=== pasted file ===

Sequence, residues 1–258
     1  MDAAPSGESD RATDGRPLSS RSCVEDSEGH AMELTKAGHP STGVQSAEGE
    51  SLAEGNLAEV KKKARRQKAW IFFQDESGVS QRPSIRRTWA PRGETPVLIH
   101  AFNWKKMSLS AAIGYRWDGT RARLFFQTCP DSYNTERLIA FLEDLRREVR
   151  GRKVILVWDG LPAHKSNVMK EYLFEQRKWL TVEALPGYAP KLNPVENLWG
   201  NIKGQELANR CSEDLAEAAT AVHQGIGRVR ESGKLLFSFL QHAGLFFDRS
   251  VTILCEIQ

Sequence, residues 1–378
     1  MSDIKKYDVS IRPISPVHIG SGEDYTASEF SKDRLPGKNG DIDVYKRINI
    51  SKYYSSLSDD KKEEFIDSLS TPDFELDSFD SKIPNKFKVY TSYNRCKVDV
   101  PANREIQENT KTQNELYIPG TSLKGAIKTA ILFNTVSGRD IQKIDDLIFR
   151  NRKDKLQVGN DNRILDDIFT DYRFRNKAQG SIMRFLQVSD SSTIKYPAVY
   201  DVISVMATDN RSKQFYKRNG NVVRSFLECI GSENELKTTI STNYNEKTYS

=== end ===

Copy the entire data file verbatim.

Sequence, residues 1–258
     1  MDAAPSGESD RATDGRPLSS RSCVEDSEGH AMELTKAGHP STGVQSAEGE
    51  SLAEGNLAEV KKKARRQKAW IFFQDESGVS QRPSIRRTWA PRGETPVLIH
   101  AFNWKKMSLS AAIGYRWDGT RARLFFQTCP DSYNTERLIA FLEDLRREVR
   151  GRKVILVWDG LPAHKSNVMK EYLFEQRKWL TVEALPGYAP KLNPVENLWG
   201  NIKGQELANR CSEDLAEAAT AVHQGIGRVR ESGKLLFSFL QHAGLFFDRS
   251  VTILCEIQ

Sequence, residues 1–378
     1  MSDIKKYDVS IRPISPVHIG SGEDYTASEF SKDRLPGKNG DIDVYKRINI
    51  SKYYSSLSDD KKEEFIDSLS TPDFELDSFD SKIPNKFKVY TSYNRCKVDV
   101  PANREIQENT KTQNELYIPG TSLKGAIKTA ILFNTVSGRD IQKIDDLIFR
   151  NRKDKLQVGN DNRILDDIFT DYRFRNKAQG SIMRFLQVSD SSTIKYPAVY
   201  DVISVMATDN RSKQFYKRNG NVVRSFLECI GSENELKTTI STNYNEKTYS